I had a BF who would eat an entire 12” cake/2litres of ice cream/dozen donuts etc whenever he got rejected from a casting. Then he’s stop feeling sorry for himself the next day and train nonstop for the next week and work all those calories off and not touch them again— until his next casting call rejection LOL… People that make it a life choice to gorge on that cake/ice cream/donut on a regular basis— and not even move— but just solely blame it on genetics/economics/mentality are pathetic. Many people have their personal demons/handicaps that they struggle through every moment of their lives, and they still fight on. This lazy culture of blaming their vices on everybody else and everything else, including genetics, is what Western society has devolved so quickly into in just the last decade, it’s frankly frightening.
     
  6. AnaD

    AnaD Active Member

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    As someone who has been on both sides of the weight spectrum thanks to hormone issues I can say that I definitely feel better when I'm on the lighter side of the scale. Not at all my lowest weight, I felt awful then, but light enough to enjoy running, jumping, heels, etc. When I was heavier everything hurt, my skin was terrible and my hair was falling out. And I wasn't morbidly obese, just 'too big' for me. No one should be aiming to be sickly at any weight, they should be trying to be their best healthy self. Whatever that looks like.
     
  7. flowergardens

    flowergardens New Member

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    E girl fashion
     
  8. susseinmcswanny

    susseinmcswanny Well-Known Member

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    Cow print pants and shorts. Peak lobotomy behavior and they all will regret it in probably less than a year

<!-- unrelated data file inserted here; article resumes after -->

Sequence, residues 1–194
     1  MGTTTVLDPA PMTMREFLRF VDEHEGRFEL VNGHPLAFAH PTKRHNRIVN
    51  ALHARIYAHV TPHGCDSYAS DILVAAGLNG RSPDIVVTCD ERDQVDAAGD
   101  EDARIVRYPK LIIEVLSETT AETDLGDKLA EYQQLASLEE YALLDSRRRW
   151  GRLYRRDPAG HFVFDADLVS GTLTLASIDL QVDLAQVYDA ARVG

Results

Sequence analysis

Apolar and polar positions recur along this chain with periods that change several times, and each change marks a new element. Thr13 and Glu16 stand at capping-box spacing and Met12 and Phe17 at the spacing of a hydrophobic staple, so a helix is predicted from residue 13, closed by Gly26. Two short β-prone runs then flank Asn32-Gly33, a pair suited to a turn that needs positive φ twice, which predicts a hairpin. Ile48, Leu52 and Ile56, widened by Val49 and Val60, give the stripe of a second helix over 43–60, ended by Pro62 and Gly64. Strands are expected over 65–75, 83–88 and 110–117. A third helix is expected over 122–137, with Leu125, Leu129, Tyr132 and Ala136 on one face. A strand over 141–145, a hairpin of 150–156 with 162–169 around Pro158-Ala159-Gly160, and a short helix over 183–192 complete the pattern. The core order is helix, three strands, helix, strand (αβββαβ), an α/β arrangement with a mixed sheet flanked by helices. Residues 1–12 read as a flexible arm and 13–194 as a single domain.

9. AnaD

    AnaD Active Member

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    You're probably going to hate this, but my cousin made me a pink and white cow print car coat for my birthday last year. It has silver star buttons. I love it. It's so fab!
     
  10. dontbeadrag

    dontbeadrag Well-Known Member

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    The majority of them.

    Seeing people chase trends, spend their money on the latest Bottega or the latest Bottega knock off, for it to become obsolete in 1-2 seasons. What I hate the most is that brands promote it via clothes being too advertised and branded (logo, pattern, brand-specific weave and etc.), people buy into it often, then (very often) judge each other by this IRL or on Instagram (you either must expose that Prada logo or have to get those easily identifiable Balenciaga sneakers, otherwise you are branded as fashion-unconscious or poor, like something is wrong with the fact that not everybody can afford everything). Then a lot of such people resell or don't know what to do with those things, because god forbid you wear things from past seasons. Balenciaga runner sock trainers? Lot of people I know have them dusting on their shelves as they accept how embarrassing would be to wear them outside.